Google Web History: A Gold Mine of Personal Information (Part II)

At the end of Part I, I showed some word clouds that were derived out of Google Web History data. The word cloud visualization is useful in identifying important terms. But its simple single dimensional representation is unable to answer many questions that are of important to us. For instance, it doesn’t display relationships between different terms, how topics have evolved over time, etc.

To find answers to some of these questions, I started playing with semantic networks and explored graph based visualization. Below are some results of my quest.

Plot 1: JQuery Plot

In order to build the above graph, I randomly selected a term (in the above graph the term is “jquery”) and extracted all the terms that are within 2 degree of separation. In the above graph, nodes indicate various search terms and edges indicate relations between these terms. Node size further encodes frequency of the search term and color indicates temporal information. The darker the color gets (yellow, orange and red), the more recently I searched for that term. For instance about two years ago I used to work on PHP but for last year I am using ruby instead of PHP. From the graph you can notice that since  PHP node has yellow color whereas ruby node is red color. Edge thickness indicates the frequency of the bi-gram. Below is another example. The graph below is related to the term “clustering”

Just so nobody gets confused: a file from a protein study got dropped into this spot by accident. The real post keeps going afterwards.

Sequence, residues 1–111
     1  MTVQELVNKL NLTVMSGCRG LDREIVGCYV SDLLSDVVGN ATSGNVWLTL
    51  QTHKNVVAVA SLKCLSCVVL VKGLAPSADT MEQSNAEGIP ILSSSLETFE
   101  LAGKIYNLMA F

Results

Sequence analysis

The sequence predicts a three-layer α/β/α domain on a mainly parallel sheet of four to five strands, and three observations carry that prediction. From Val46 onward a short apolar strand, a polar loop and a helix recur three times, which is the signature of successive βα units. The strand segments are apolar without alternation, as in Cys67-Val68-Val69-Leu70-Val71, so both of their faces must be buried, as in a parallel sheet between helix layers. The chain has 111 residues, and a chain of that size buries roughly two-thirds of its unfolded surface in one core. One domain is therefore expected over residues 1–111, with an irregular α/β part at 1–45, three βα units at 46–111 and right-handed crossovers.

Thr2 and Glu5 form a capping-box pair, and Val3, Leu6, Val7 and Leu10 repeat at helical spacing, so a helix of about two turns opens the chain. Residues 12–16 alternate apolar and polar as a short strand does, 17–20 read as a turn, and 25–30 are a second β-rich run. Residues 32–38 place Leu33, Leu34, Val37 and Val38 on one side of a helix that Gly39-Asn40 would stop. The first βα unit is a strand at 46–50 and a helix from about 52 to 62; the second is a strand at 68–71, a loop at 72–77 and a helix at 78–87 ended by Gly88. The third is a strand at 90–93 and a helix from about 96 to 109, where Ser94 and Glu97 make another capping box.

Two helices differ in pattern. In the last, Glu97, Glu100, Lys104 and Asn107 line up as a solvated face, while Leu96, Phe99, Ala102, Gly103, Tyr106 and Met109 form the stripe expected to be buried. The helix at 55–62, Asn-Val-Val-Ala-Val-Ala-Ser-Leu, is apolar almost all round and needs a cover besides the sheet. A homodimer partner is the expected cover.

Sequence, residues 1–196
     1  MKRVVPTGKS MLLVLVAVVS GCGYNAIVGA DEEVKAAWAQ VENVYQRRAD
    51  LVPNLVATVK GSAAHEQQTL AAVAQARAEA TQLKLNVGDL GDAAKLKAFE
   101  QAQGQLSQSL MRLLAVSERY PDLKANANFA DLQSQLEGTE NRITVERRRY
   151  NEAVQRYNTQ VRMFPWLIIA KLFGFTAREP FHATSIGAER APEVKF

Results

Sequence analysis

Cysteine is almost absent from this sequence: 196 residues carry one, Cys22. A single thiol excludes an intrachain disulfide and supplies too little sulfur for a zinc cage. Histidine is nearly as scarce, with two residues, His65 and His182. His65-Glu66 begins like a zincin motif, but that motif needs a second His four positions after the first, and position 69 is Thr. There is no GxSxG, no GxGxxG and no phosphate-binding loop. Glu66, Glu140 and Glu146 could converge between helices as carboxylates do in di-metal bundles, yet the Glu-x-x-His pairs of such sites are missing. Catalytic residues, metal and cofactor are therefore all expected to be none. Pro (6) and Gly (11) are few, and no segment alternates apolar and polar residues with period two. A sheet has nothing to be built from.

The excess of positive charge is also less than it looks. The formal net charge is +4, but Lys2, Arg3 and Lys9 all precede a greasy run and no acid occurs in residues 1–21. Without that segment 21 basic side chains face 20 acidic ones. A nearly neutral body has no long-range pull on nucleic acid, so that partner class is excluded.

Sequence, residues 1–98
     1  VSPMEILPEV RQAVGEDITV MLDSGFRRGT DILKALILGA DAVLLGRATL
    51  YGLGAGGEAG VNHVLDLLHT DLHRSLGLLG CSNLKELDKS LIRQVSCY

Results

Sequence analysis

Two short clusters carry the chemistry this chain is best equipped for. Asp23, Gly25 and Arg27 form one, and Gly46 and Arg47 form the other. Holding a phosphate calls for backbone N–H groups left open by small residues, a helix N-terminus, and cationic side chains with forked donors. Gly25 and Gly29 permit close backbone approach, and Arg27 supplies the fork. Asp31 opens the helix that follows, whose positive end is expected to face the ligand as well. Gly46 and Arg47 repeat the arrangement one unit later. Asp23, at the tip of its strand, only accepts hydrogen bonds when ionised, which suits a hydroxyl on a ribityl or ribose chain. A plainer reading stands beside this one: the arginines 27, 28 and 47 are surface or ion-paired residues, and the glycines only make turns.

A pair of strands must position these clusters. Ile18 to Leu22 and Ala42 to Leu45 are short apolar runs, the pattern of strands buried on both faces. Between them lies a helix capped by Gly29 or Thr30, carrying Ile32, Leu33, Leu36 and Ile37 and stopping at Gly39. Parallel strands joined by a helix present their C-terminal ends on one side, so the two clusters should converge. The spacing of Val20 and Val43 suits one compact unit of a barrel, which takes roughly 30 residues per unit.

Plot 2: Cluster Plot

Note on the process

  1. Extract Google Web History data
  2. Clean queries: lowercase transformation, tokenization, stemming, etc
  3. Use Hadoop/MapReduce to compute uni-grams and bi-grams
  4. Use R to explore and build graph visualizations

About Ritesh Agrawal

I am a applied researcher who enjoys anything related to statistics, large data analysis, data mining, machine learning and data visualization.
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